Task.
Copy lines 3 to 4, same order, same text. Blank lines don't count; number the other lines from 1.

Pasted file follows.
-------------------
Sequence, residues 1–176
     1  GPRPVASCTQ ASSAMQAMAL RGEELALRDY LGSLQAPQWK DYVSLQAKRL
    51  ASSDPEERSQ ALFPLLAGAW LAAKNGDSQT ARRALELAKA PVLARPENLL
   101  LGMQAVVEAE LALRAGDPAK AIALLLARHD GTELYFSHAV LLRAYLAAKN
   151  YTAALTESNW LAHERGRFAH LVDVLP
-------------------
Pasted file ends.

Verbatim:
    51  ASSDPEERSQ ALFPLLAGAW LAAKNGDSQT ARRALELAKA PVLARPENLL
   101  LGMQAVVEAE LALRAGDPAK AIALLLARHD GTELYFSHAV LLRAYLAAKN